A future with and without IoT

Recently, technologists, as well as pop culture, have been obsessed with the widespread use of the Internet of Things – anything connected to the Internet. Much of the hype is rooted in data collection and communication, but it has since transcended and crossed into consumer lifestyle. [1] Proponents of the widespread use of IoT highlight the technological leverage that smart devices offer, while opponents believe that it will be the demise of humanity, where intelligent machines could distract us from the real world.

From smart brushes that “rate grooming habits,” smart saltshakers, AI trash bins, to toasters that can text, there are definitely IoT products that absolutely add no benefit. [2] But many other IoT applications are useful to both an individual day-to-day life and economies as a whole. Professor Detlef Zuhlke, who was a director at the German Research Centre for Artificial Intelligence, and his team have been working on creating a standard for smart factories – “an IoT for manufacturing.” [3] Zuhlke believes that smart factories will be the start of a fourth industrial revolution. Modules that perform different tasks that can be done in different orders while communicating with one another run the smart factory. New modules can be added to the system as easy as, according to Zuhlke, playing with Lego. Zuhlke sees that smart factories will make manufacturing in high-wage countries, like Germany, affordable and hence a “major threat” to China; smart factories will make manufacturing more flexible and accessible to troubled economies.

In contrary, Robert Harrison, professor of Literature at Stanford, opposes the idea of having IoT everywhere, believing that a future too heavily dependent on technology is not necessarily a progressive one. He argues that today’s Internet of Things technologies that enable interconnectedness online are spoiling the true essence of being human and hence spoiling the true essence of progress – that is, to live in better conditions. [4] Professor Harrison raises valid and valuable insights to the conversation as he questions the actual benefit of technologies that tech companies are branding as “changing the world.” For instance, in a somewhat dystopian lens, he views that the constant products tech companies are marketing will inevitably become “our only access to reality.” Certainly, a world where a few tech companies control our reality is a dystopian world that restricts our freedom of experience and thus our freedom of being sentient, conscious beings.

As both sides of the argument imagine a world that is strongly influenced by the use of IoT, both visions appear quite far-fetched, for now. The ramifications of the exponential application of IoT in the future are likely not as consequential as argued. It seems unlikely that IoT will offer revolutionary changes to the human experience. It will undoubtedly make many of our tasks easier, transportation faster, communication wider, and living conditions better. However, we would be more than content to compromise IoT for either the fear of a dystopian future or simply because we desired to do so – we are arguably already living in a technologically sufficient world. That is not to say we cannot improve or that our world is perfect, but it seems that most of our problems have to do with the access to and application of technology around the world, not the current state of technology.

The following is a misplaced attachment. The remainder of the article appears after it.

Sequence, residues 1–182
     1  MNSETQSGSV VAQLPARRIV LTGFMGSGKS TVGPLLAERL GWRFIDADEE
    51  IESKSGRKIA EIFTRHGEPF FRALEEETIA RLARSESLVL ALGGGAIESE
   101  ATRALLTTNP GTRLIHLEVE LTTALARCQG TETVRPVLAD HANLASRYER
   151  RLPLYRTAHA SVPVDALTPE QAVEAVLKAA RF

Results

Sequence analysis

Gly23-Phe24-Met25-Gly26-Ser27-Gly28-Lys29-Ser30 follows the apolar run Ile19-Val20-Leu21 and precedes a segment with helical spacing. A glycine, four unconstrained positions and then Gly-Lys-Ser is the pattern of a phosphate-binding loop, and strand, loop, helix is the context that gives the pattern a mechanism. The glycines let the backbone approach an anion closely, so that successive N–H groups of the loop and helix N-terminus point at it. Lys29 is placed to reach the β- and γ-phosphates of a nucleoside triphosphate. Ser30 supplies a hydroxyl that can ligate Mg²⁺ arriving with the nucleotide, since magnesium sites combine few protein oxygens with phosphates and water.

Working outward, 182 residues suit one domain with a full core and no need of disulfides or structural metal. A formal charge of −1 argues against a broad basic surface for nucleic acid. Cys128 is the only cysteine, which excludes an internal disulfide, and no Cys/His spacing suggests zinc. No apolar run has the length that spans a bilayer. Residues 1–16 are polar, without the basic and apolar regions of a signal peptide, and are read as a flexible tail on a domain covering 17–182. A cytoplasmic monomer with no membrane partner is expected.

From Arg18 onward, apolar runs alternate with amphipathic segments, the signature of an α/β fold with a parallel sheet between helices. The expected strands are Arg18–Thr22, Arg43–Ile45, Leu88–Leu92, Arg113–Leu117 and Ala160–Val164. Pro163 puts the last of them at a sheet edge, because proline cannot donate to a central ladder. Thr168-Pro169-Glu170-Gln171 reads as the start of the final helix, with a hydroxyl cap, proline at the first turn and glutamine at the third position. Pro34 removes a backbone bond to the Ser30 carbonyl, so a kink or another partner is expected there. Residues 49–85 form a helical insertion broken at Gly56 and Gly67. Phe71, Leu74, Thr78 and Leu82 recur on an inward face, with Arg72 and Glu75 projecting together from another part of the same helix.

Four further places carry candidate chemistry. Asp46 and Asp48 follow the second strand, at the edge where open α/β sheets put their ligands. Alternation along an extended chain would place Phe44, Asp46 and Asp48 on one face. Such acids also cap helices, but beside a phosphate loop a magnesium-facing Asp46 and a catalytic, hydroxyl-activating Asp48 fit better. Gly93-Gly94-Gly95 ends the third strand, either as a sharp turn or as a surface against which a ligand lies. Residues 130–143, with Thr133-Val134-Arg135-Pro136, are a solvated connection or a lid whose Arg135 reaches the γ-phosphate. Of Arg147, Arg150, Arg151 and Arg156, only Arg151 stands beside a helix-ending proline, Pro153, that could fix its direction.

At the same time, it is unlikely that IoT can fully limit our experience of reality because it offers a different approach to experiencing reality. If people are satisfied with smart devices and online-heavy experiences, then there is no need to lament about a past that offered a different approach to experiencing reality. Nevertheless, there is no question that sometimes the tech industry brands unworthy technologies as revolutionary or life changing. The tech industry is in no way always supporting meaningful technological advancement, but it in no means has to do so as we are not in any urgent need to progress technologically. Instead, we need to work on a way to make technology accessible to more people around the world.


[1] Matt Burgess, “What is The Internet of Things? WIRED explains” on WIRED.


[2] Matt Reynolds, “Six internet of things devices that really shouldn’t exist,” on WIRED.


[3] James Temperton, “A ‘fourth industrial revolution’ is about to begin (in Germany)”, on WIRED.


[4] Robert Harrison, “The Children of Silicon Valley,” on NYR Daily.




One comment on “A future with and without IoT”

  1. I do like your idea about the altitudes towards the influence of new technology on human life. Yes, what really matters is the problem of accessibility. Though nowadays the term of loT is very popular, which even leads to worries of overusing, the application of loT is still limited and immature, covering very small scopes in our daily life. We should try as hard as possible to promote its application, especially in the current stage, rather than set barriers in people’s cognition of new technology.


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